Rodger’s cited an escape from the pressures of management as a major motivation for not returning to the game and there are few jobs in the game that would’ve posed a more stressful prospect than Aston Villa this season:
“It is very intense when you are in the game. I enjoy the scrutiny and life of being at the leading edge of the game, but the opportunity that presented itself when I left Liverpool gave me the chance to go away for the first time in five years.”
If you’re looking to avoid the stress of the modern game, then perhaps turning down the opportunity to manage Aston Villa is a wise decision.
Sunderland have a habit of hiring managers on a short-term basis having burnt through three since 2013. When Dick Advocaat stepped down from his post with the Black Cat’s on the very same day that Liverpool announced Rodgers dismissal, the timing seemed all to perfect.
It is rumoured that the Dutchman had expressed his desire to leave the club and was treading water in the North-East until the Sunderland board could find a replacement. When Rodgers became available, Advocaat was allowed to depart to make way for his replacement.
Brendan will have certainly considered taking the Sunderland job, but perhaps it felt like too much of a step down after the heights of Anfield. His decision was quickly swept under the carpet as Sam Allardyce moved in to rescue the club from relegation.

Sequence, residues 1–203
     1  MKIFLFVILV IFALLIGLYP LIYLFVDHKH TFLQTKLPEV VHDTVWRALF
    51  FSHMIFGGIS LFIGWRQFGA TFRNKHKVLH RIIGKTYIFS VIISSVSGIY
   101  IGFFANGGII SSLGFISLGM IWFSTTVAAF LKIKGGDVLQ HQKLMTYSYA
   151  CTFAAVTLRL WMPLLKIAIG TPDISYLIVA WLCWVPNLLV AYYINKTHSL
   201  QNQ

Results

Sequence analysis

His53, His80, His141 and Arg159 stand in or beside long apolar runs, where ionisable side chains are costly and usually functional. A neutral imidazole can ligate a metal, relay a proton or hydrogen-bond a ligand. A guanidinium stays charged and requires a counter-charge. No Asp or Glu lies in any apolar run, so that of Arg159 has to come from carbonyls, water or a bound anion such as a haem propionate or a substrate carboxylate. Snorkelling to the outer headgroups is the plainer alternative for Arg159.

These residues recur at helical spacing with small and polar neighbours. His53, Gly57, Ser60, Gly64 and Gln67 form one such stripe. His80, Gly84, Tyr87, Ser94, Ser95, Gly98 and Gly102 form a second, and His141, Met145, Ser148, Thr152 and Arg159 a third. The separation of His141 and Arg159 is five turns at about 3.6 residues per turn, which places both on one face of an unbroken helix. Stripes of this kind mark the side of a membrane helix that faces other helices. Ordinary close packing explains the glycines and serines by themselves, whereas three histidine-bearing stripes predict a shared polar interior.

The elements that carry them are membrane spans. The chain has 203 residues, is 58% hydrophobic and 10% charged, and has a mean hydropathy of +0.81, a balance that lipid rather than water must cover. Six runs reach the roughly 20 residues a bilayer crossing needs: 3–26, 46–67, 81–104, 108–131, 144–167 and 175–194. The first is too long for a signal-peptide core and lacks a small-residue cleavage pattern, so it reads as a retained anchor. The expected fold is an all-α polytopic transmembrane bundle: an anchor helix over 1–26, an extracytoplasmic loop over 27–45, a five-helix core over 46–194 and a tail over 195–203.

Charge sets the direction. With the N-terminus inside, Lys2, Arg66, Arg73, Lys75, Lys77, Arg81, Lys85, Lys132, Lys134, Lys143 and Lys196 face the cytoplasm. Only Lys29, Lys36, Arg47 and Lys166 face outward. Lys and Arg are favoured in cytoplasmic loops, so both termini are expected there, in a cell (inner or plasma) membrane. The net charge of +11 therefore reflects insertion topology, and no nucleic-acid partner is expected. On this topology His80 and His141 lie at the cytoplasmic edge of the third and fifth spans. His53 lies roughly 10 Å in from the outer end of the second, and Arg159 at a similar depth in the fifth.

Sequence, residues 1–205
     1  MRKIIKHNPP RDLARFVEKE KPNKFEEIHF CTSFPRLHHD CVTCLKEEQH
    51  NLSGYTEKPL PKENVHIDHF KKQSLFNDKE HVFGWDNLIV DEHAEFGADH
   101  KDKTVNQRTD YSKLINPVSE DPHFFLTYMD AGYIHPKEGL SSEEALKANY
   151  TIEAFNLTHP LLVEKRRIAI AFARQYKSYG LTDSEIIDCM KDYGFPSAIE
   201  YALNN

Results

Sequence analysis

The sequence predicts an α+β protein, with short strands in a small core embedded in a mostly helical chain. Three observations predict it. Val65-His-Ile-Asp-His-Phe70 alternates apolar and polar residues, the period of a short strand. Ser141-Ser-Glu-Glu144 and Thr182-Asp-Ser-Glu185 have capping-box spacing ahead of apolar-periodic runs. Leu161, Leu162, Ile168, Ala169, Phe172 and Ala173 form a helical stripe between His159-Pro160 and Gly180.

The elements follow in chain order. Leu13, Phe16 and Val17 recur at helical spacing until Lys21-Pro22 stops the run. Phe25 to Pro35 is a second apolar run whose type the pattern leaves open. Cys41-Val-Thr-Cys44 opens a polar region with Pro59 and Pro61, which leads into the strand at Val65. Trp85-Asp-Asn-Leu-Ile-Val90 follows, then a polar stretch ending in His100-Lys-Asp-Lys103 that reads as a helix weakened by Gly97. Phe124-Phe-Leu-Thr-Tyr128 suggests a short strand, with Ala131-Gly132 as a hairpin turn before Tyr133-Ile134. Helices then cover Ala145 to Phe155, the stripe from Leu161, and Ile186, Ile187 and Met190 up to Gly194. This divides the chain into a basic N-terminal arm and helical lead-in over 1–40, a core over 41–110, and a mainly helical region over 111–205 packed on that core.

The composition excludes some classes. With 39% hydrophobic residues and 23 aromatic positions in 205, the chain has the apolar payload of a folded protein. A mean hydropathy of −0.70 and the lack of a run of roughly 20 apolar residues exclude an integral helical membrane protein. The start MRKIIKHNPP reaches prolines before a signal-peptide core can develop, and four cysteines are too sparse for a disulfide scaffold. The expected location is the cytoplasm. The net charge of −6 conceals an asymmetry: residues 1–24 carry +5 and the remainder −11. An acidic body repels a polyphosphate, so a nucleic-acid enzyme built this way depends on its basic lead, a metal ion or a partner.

Rodgers expressed that he had been keeping his options open for a move abroad, not ruling out any potential positions in foreign leagues:
“It can be at home or abroad. It is just about finding the right opportunity, one that will excite me to go in and somewhere I can help make better”
Valencia were clearly desperate to replace Nunu Espirito Santo, to the point where they looked to a man with no first team managerial experience to bring the Spanish giants out of the darkness – it’s a shame hiring TV pundit, Gary Neville didn’t turn out to the be the stroke of genius they were hoping for.
Rodgers, fluent in Spanish, is likely to have been approached by Valencia board members, proposing he take the helm at the Mestella.
Queens Park Rangers
“I am open. It is where I feel I can go in and make a difference: a job that will excite me. It doesn’t have to necessarily be at a top club.“
QPR have been yo-yoing between England’s top flight and the Championship for the past 5 years and have been seeking strong management to properly establish themselves in the Premier League.
With a successful track record – establishing Swansea as a top 10 side in their first season following his playoff victory the previous year – Rodgers would appear to be an ideal candidate for the London club.
When the floundering Chris Ramsey was removed just a month after Rodgers, the door appeared to be open for the Northern-Irish boss to revitalise the club. Perhaps it was too soon for a return to management, particularly to the vacant high-pressure post with the Hoops.
“He’s a great manager. He has proved it at Liverpool and he’s a worthy candidate for Celtic, as all the other candidates are.”
Dermot Desmond, Celtic Owner
Desmond’s revelations have altered the dynamics of Scottish football dramatically. Celtic now await Rodgers’s answer as he weighs up whether he wishes to become the highest paid manager in Scottish history… or spend a few more months on the golf course.